“It was a good story to write. I remember feeling happy the whole time I was writing it. I liked the characters, I liked the idea, and I really, really liked the way cafes kept giving me treats.”


“I started as a short story writer, submitting to competitions and awards (the Scarlet Stiletto Awards gave me my first break), so going back to short form felt a bit like coming home.”


“… Once, I was so cheerful while writing, I swung my hand sideways and knocked over my glass of water. This was in the second cafe. The cushion on the seat got soaked. It was a warm day and I said to the owners, ‘It should dry out in the sun here, don’t you think?’ but they were distracted and didn’t really hear me. That was the only low point in the writing of this story.”

AMIE KAUFMAN, contributor, NASA’s favourite author

“I grew up fascinated by the story of Louise Brown, the first person ever to be born via IVF. She was only a couple of years older than me, and I’d see her in the newspapers – her first day of school, her graduation, her marriage, her kids, and so on. The wider world had such an interest in her, and to some degree, a sense of ownership as well.

“I wondered if we’d feel the same way about other incredible first children, like the first child born on Mars, and what it would be like if the subject of that attention didn’t want to be observed in this way. I also wanted to explore questions we see much more frequently – how you decide what to do after school, and what part the expectations of others play in that.

“So I overlapped those two questions, those who senses of ownership, and my story began to take shape.”


“‘First Casualty’ was written to explore the nature of truth in a media-saturated world. The events in it are very transparently drawn from deplorable political events in our recent history, and it breaks one of the last taboos of YA fiction … she’s taller than he is!”

ALICE PUNG, contributor, essayist

“I grew up reading Australian YA from John Marsden, Robin Klein and Morris Gleitzman. My story ‘In A Heartbeat’ was inspired by having my own kid.”

LILI WILKINSON, contributor, Inky Awards creator

“Inspired by a drain in Clifton Hill, my story is a queer magical romance set in the drains beneath Melbourne.”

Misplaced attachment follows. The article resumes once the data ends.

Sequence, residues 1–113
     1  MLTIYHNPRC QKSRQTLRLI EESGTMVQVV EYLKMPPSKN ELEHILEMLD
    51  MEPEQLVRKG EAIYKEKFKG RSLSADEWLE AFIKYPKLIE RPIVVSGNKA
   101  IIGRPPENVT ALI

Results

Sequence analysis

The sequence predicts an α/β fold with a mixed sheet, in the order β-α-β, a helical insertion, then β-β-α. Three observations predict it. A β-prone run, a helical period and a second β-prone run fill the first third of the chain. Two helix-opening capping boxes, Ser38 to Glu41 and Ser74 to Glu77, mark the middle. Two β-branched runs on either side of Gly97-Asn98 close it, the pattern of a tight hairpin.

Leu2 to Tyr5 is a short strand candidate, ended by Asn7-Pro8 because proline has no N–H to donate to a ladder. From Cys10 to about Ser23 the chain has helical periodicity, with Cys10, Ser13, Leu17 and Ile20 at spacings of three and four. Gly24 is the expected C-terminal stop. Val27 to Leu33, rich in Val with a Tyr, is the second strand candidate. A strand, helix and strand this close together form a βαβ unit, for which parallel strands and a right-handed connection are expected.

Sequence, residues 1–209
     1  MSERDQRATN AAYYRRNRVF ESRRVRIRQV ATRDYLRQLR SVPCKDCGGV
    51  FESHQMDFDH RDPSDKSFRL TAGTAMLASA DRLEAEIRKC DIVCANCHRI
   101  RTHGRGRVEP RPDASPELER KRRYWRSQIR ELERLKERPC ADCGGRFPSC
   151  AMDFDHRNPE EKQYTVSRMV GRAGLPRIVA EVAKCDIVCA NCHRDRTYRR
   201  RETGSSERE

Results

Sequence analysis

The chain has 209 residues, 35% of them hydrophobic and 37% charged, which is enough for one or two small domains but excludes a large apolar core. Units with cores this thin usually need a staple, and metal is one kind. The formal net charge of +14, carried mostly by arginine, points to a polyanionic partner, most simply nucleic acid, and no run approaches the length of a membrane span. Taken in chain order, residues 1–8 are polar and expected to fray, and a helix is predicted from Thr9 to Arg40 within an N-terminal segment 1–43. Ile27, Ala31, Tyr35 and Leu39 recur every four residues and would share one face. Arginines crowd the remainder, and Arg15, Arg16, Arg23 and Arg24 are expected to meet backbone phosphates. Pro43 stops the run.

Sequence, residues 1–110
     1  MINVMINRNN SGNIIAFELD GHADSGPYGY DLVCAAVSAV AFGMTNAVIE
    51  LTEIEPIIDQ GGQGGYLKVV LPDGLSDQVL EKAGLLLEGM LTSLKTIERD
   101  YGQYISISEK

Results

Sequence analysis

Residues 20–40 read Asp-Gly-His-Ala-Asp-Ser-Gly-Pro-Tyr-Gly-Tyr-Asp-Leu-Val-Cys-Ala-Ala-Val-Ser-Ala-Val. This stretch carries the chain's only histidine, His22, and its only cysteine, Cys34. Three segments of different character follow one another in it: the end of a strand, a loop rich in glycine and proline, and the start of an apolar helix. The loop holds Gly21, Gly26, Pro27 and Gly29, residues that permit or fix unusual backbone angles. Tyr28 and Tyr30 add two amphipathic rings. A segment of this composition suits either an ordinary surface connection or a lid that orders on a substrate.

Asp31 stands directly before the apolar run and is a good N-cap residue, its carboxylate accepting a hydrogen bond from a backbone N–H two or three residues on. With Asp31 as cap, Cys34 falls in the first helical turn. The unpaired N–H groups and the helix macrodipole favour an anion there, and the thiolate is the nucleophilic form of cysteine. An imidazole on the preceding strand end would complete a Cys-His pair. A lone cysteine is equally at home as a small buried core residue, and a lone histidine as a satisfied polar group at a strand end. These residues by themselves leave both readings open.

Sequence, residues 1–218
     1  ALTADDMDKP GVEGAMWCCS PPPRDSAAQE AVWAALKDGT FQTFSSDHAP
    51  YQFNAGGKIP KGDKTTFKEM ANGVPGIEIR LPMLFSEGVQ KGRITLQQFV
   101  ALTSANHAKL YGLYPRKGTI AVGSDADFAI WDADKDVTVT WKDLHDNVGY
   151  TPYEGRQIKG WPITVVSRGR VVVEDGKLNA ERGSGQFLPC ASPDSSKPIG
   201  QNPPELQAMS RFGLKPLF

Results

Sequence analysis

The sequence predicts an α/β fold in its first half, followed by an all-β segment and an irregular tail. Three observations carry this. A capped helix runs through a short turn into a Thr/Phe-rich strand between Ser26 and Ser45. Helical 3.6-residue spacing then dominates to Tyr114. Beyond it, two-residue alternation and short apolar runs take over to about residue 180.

“Ever since Every Breath was published, people have written and asked me why I started the book after the characters of Rachel and Mycroft became friends, and if I would ever write a ‘how they first met’ story. So I knew straight away what I wanted to write! And luckily, some of the material was already written – I had the bare bones story of how they’d met, because it was a part of the original manuscript for Every Breath that was excised before publication. So all that remained was to flesh it out.”


“I was very nervous, being the newbie “emerging voice” of the anthology. I really just wanted to keep up with all these fine storytellers, and not have my story stick out for all the wrong reasons. But, y’know, when you’re batting in the A-leagues, you’re forced to step up to the plate and hit big too. What eased my nerves was focusing on what I wanted my story to be a tribute to: beginnings and endings.”


“‘The Feeling From Over Here’ was inspired by a few things: Kate Miller-Heidke’s song ‘Caught In The Crowd’, far too many hours spent on Greyhound and Murray’s coaches in my late teens to early twenties, and the covert but damaging and sexist bullying style of boys from my high school.

“One day I asked myself, ‘How would I react if I saw the boy who gave me and some of my friends grief from Years 7 to 10 again?’ I couldn’t shake the thought, so I forced my character, Lucy, to deal with that very problem – only, because I’m an evil author, I made her face it in an enclosed space for eight hours straight. Oops!”


“This anthology is important for the same reason that #LoveOzYA is important: it gives readers a chance to discover new and exciting writers who live right in their own backyard, creating stories that satisfy the inner craving we all have for characters who feel like local friends.”


“I’m constantly asked when I’m in the US what we have in the water here. We have an incredible wealth of talent here in Australia, and for me, this anthology is a wonderful way to shine a spotlight on that.”

The perfect introduction to Australian YA Literature, Begin, End, Begin: A #LoveOZYA Anthology is recommended for readers 14+.